Methods

This is a retrospective chart review. We reviewed the records from Neuro-endovascular division at the Department of Neurology, DMCH from January 2010 to June 2013.

DMCH is the one of the highest center for referral of all type of medical problems in Bangladesh. It is a 2300 bed hospital in the heart of the capital and receives patients from all over the country. The Department of Neurology also provides inpatient care through 36 hospital beds in addition to its regular outpatient services. The Neuro-endovascular division is headed by an Associate Professor of interventional neurology who is trained in neuro-intervention at a renowned center outside Bangladesh.

Study population initially included 76 patients from the hospital records over this period of time. Later on, 60 patients were selected finally, following the inclusion and exclusion criteria (Fig. 1). Information regarding the demographic, clinical and morphological profile was gathered through a predesigned questionnaire. Demographic characteristics assessed were age at date of diagnosis and sex. Clinical characteristics at presentation assessed were intracranial hemorrhage (parenchymatous, intraventricular, or subarachnoid), generalized or focal seizures, chronic headache, altered consciousness, vomiting, vertigo, sense of imbalance, visual or speech disturbance and reversible, persistent, or progressive neurological deficits. Morphological characteristics assessed were classified in all databases according to the Spetzler–Martin grading system [21] with its three element sizes (small, maximum diameter, 3 cm; medium, diameter 3–6 cm; and large, diameter 6 cm), drainage (any venous drainage component into the deep, i.e., internal cerebral veins), and location in so-called “eloquent” brain regions (“the sensorimotor, language, and visual cortex; the hypothalamus and thalamus; the internal capsule; the brain stem; the cerebellar peduncles; and the deep cerebellar nuclei”).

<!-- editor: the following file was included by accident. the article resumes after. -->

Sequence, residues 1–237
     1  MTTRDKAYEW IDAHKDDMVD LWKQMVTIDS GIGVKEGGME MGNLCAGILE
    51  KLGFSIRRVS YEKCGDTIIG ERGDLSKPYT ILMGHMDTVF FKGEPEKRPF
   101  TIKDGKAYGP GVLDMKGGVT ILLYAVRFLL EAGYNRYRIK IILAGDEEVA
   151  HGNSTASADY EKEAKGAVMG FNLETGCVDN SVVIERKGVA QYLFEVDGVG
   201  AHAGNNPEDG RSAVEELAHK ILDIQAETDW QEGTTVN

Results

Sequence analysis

Fig. 1

Flow chart of patients (number) included and excluded for each cause

Inclusion criteria

  • Patients aged 13 years and above.

  • Diagnosed and confirmed as a case of Brain AVM previously with the help of magnetic resonance arteriography or digital subtraction angiography.

  • Consensus about the diagnosis among at least two interventional neurologists of the center.

Exclusion criteria